Researchers from the Kunming Institute of Zoology at the Chinese Academy of Sciences (CAS), and the University of North Carolina in the United States modified the genes of 11 monkeys (eight first-generation and three second-generation) with the addition of copies of the human gene MCPH1.
Microcephalin (MCPH1) is a key factor in our brain development and, in particular, eventual brain size. Mutations in the gene can lead to the developmental disorder microcephaly, which is characterized by a tiny brain.
The researchers then used brain imaging and tissue sampling techniques to monitor the development of the transgenic monkeys’ brains.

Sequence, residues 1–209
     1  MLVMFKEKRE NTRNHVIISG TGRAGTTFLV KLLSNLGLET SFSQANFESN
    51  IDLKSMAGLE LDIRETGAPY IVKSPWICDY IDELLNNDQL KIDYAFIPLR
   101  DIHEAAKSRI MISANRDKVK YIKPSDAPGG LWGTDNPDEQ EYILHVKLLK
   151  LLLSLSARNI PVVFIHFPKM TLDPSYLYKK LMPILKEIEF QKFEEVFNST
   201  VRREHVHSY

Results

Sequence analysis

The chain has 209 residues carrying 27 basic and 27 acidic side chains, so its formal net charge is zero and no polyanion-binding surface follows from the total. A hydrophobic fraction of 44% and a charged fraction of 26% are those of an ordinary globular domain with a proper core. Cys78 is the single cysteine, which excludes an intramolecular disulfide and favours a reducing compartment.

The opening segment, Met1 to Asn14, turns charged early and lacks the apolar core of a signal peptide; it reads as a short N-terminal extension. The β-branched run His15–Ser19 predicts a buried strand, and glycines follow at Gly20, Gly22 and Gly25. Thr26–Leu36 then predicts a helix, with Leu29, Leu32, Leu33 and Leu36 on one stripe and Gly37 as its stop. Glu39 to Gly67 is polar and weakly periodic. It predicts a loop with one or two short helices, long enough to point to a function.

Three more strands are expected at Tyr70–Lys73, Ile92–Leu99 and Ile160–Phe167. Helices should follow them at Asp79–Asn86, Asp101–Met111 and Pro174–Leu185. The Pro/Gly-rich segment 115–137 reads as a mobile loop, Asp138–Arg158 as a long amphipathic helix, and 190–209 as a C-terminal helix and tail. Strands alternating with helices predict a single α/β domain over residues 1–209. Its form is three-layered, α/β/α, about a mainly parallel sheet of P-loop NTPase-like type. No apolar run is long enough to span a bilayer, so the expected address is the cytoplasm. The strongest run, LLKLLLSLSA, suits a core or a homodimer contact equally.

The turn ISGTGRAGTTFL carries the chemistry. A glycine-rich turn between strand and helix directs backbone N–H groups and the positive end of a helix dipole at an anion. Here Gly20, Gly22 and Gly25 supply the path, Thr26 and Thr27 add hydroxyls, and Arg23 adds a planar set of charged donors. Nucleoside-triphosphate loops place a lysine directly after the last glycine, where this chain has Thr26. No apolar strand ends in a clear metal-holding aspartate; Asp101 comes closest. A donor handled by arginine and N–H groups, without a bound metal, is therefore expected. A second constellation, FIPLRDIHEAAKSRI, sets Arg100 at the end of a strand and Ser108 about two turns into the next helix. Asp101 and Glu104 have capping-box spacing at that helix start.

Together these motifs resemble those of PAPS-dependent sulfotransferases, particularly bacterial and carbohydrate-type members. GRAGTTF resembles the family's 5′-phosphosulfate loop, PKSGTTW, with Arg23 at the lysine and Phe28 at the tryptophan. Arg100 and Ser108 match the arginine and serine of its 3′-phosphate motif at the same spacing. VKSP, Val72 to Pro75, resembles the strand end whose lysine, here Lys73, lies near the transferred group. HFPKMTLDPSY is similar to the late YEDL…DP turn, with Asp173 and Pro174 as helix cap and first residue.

Their findings showed an altered pattern of cell differentiation by neural stem cells into neurons and glial cells (both critical components of the central nervous system), more closely associated with humans as opposed to monkeys.
The monkeys’ brains also developed at a slower rate than normal in a similar pattern to developmental delay in humans (known as neoteny). Human brains take far longer to develop and refine their neural networks more than primates’ do, meaning we display a protracted childhood relative to our primate cousins.
The human gene-enhanced monkeys showed better short-term memory and quicker reaction times compared to the wild rhesus monkeys in the control group. While only the first step in this specific realm of transgenic neurodevelopment research, it could pave the way for significant research into neurodegenerative and social behavior disorders in humans.
More about: monkeys